(TRAVERSE CITY) — Fox News commentator Bill O'REILLY told a gathering here today that Massachusetts Gov. and former Michigander Mitt ROMNEY is his early favorite to win the 2008 presidential election over U.S. Sen. Hillary CLINTON (D-N.Y.) in what he sees now as the likely head-to-head race.

Speaking at the Michigan Future Forum, sponsored by the Michigan Chamber of Commerce, O'Reilly said former frontrunner U.S. Sen. John McCAIN (R-Ariz.) will be hurt for his "soft" positions on the terrorist interrogation and border security issues.

The host of the "No Spin Zone" and the "O'Reilly Factor" added that another top-tier Republican candidate, Rudolph GUILIANI, the former New York City mayor, is being hurt by his inability to handle the press and his mushy positions on issues. Former U.S. House Speaker Newt GINGRICH and U.S. Sen. George ALLEN (R-Va.) round out the top five candidates on the GOP side.

But in the last two weeks, O'Reilly said he's seeing a lot of reasons to give Romney an edge.

"He's photogenic. He's articulate. He's got money. New Hampshire likes him. This guy . . . you watch him," O'Reilly said.


O'Reilly's opinion matters quite a bit. The Factor is a show with HUGE veiwership and a place where lots of opinion flies around. Having O'Reilly in Mitt's corner would be a nice thing . . . especially for the GOP primary.

Monday, September 18, 2006

Romney Rocks Fox!


I found this link O'Reilly's Website that has part of his interview transcript with Romney from the Sept 19th show in Boston.

O'REILLY: Do you want to be President?

ROMNEY: I don't think anybody wants to take on the problems of America, but I think anybody who would think about it would consider it a real honor.

O'REILLY: So many people around the world hate America. Do you know why that is?

ROMNEY: America stands for something and people have misunderstood what our motives are. They haven't recognized the threat which is faced in the civilized world from the extreme, violent jihadists. I think as time is going on people recognize that this is not just a group of whackos in the hills of Pakistan that wants to set off an occasional bomb. It is a group that intends on bringing down civilization and replacing our governments and our freedom with a caliphate, a religious leader. That realization is bringing people back to President Bush and bringing people around the world the recognition that we have to stand together against this radical extreme.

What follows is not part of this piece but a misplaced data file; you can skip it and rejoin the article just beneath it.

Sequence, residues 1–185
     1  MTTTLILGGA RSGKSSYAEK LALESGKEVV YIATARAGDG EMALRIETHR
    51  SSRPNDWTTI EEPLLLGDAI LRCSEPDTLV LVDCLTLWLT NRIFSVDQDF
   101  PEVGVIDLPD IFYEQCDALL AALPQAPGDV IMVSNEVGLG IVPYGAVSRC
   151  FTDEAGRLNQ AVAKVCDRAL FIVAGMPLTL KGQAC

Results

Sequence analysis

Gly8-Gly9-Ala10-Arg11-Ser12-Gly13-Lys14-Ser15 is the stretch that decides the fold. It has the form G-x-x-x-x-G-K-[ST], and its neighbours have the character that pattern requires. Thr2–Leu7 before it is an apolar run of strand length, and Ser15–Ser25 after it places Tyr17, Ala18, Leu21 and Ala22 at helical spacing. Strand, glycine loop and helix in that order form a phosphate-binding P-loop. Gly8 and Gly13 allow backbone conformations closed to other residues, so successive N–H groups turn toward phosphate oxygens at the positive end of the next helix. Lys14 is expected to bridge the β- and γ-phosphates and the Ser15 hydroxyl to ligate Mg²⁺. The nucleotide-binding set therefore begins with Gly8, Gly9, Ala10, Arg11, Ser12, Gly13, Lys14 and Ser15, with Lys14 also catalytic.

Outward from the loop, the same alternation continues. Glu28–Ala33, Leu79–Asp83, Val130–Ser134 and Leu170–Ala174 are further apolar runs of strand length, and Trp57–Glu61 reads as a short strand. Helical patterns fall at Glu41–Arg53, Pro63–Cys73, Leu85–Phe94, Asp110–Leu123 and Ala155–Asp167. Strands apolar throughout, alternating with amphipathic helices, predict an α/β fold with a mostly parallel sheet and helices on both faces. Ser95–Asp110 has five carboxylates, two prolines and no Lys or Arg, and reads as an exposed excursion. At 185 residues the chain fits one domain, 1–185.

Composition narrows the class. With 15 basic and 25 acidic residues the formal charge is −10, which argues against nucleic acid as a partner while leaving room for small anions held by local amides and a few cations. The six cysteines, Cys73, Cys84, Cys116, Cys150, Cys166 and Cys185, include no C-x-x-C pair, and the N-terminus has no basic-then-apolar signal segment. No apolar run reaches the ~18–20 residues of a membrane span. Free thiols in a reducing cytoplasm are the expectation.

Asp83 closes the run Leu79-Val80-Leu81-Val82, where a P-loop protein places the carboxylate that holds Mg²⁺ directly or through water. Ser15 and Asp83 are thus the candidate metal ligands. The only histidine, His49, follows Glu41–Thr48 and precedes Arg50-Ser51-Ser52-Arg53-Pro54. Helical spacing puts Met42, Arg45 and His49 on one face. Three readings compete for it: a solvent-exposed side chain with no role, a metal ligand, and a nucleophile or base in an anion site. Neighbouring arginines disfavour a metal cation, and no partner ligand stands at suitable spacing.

O'REILLY: More than 60 percent of Americans feel President Bush is screwing up Iraq and has no plan. Do you have a plan for Iraq?

ROMNEY: I wouldn't presume to present a plan different from that of the President. But I believe he was right to take on the war on terror on an aggressive front rather than a defensive front. We toppled the government ... walking away would mean a humanitarian disaster. We're there and we have a responsibility to finish the job.

O'REILLY: Would you build a wall between Mexico and the United States and would you put the National Guard on the border?

ROMNEY: Absolutely. We'd put the National Guard there because we don't have the wall yet. You have to have a wall or a fence or electronic surveillance. And you have to have a tamper-proof document to make sure that people who are here are aliens are identified and registered, and people can not hire them unless they're here legally.